Contributed content is more accessible than ever as publishers democratize writing opportunities in exchange for traffic volume. In fact, so many C-suite executives have columns or are self-publishing articles that it’s changed the meaning of “thought leader” from what it originally implied. Now, it’s somewhat of an industry buzzword.
Buzz or no buzz, I fundamentally believe that powerful thought leadership isn’t dependent upon whether or not you have a column in that popular media outlet everyone wants to write for; It’s in actual, thoughtful leadership.
Are you thinking about your industry differently than your colleagues?
Are you predicting what’s next or laying the groundwork for more evolved thought?
How are you putting those forward-thinking best practices into play every day?
These are a few of the questions thoughtful leaders consider before they ever brainstorm a byline topic for that “thought leadership” article or column their PR team so diligently secured. It’s increasingly important to make sure that if you are writing these types of articles, you’re writing something that will actually surprise or inspire new avenues of thought.
So how do you write bylines responsibly and in a way that actually adds value to your industry?
First, check yourself. (Have I said that before?)
Just because you have an opinion doesn’t mean you’re a thought leader. Being a thought leader is something deeper; It requires an intimate understanding of a certain subject matter and it’s often a long-term commitment. If you or your CEO writes a one-off piece, it very well could have a positive impact for you and your brand. But it doesn’t necessarily set the stage for long-term, trust-building thought leadership.
People who are invested in being effective thought leaders are doing so by publishing on a regular cadence, participating in speaking opportunities, and engaging in dialogue online so they are consistently echoing their points in everything they do. These efforts have a long-tail effect as opposed to pushing out an article just to be published.
Second, identify article topics that ladder back to your business objectives.
Because if you’re not, why do it? Writing something worth reading starts with two things: open-ended brainstorming with creative individuals who understand a company’s key objectives and laser-focused idea refinement.
Brainstorm at least 10 article ideas with a group (whether it’s your comms folks, on-staff writers, or maybe even your mom), then develop the strongest of those ideas until you have a concept that’s non-self-promotional, on-message, and catered to a few carefully selected publications that you either already have relationships with or accept contributed-content pitches.
Third, create a publication-specific abstract.
Once you have a solid article idea, it’s time to write an abstract. To do so, you first need a unique point of view on the topic you’re looking to explore that’s relevant to the publication you’re pitching.
This short article summary should include potential headlines, a paragraph describing the article’s overall concept, sources you may consider using (reports, data, etc.), and ideas for potential imagery, assuming the publication accepts imagery suggestions.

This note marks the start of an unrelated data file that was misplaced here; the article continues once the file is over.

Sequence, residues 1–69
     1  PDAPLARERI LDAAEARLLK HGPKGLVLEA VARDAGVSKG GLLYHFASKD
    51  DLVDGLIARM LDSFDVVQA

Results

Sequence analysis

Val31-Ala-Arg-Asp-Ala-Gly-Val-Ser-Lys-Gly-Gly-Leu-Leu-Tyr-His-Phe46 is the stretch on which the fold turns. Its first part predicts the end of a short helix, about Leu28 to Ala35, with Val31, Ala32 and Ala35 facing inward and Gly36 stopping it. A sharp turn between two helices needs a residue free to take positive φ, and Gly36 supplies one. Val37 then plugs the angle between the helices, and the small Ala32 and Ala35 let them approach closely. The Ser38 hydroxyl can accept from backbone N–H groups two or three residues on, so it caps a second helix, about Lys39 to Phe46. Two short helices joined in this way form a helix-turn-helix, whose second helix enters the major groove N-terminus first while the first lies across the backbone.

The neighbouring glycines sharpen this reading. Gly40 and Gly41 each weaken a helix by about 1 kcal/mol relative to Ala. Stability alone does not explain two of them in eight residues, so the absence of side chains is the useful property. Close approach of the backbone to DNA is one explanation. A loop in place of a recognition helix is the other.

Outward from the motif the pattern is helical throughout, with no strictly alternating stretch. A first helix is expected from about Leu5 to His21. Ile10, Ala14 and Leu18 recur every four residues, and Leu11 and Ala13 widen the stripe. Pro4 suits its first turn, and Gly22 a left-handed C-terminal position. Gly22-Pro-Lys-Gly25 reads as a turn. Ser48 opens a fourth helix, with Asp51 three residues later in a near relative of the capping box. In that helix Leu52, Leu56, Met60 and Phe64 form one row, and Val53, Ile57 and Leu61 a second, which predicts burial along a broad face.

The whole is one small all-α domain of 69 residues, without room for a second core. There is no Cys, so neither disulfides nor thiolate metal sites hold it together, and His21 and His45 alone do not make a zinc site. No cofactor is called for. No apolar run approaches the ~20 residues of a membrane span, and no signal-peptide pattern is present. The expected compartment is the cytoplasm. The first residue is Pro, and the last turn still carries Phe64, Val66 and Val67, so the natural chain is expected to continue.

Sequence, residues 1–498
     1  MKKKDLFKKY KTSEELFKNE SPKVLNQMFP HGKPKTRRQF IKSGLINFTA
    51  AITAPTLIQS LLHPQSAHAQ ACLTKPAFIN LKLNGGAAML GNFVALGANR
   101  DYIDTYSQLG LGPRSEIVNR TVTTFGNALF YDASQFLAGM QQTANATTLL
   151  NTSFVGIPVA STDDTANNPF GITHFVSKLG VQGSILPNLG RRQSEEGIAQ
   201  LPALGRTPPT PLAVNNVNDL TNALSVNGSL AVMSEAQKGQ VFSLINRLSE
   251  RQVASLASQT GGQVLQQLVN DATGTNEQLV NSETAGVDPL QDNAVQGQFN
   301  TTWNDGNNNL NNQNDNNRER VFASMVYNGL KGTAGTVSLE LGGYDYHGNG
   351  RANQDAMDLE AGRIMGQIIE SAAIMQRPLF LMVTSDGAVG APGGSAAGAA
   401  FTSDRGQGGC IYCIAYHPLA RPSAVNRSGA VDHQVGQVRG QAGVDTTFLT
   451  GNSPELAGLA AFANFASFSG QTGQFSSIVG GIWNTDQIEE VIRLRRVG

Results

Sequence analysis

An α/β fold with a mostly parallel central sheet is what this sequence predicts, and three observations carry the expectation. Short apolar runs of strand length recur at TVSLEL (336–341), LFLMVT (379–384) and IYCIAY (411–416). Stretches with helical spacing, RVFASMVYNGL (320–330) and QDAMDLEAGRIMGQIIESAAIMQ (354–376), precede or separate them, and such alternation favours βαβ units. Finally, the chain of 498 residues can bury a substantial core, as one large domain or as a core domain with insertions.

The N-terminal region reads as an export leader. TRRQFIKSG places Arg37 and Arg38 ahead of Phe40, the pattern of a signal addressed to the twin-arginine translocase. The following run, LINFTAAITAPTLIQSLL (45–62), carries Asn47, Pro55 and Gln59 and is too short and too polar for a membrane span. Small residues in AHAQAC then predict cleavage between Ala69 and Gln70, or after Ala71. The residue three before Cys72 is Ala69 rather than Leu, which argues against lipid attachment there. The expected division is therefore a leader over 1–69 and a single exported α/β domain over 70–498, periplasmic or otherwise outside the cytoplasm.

In addition to your abstract, you will need to share a bio that explains why you are qualified to write about the topic at hand and a high-resolution headshot. You’ll also want to include links to articles you’ve already written, may it be blog content, previously published bylines, or interviews with the press that embody what you have to share.
It’s sort of like the chicken or the egg: It’s tough to land contributed content if you haven’t written anything before and the more content you’ve published, the more likely you are to land new bylines… no one said it’s fair.
And if you already have a column lined up, discuss your article idea with your editor until you come to an agreement on a solid angle for the piece.
Now, put your pen to work.
Ideas for articles can strike like lightning. When this happens, I can write a solid piece in less than 20 minutes. But the majority of the time, this is not the case. (I wish it were!) Usually, I start with the concept then create an outline to organize my thoughts.
In this outline, I note sources or data I’ll want to reference. Then, I write the piece, insert links the reader may find useful, and brainstorm at least five headline or title options until I find one that properly portrays the topic and hooks attention.
Jeff Haden, columnist for Inc. Magazine is great at writing catchy headlines. Check out his headlines here for inspiration. Sometimes, I also use CoSchedule’s Headline Analyzer tool for checking the likelihood that a headline will perform well.
Before I submit a piece to one of my publishers, I have at least one or two of my communications or writing pros offer editing suggestions. I can’t emphasize how important it is to have an experienced editor of some sort on your team. They can help strip out what’s unimportant and ensure that the editors accepting your articles don’t have to spend much time cleaning up your work (which will make them like your contributed content way more).
Everyone who works in public relations and communications has a responsibility to add value to today’s media landscape. How will you and your PR team contribute to its betterment?
That wraps up our Optimizing PR Fundamentals series! Hope you enjoyed it. Check out Rachel Kirschen’s post “How to Write an Email Your Customers Will Give a Crap About” from last week if you missed it.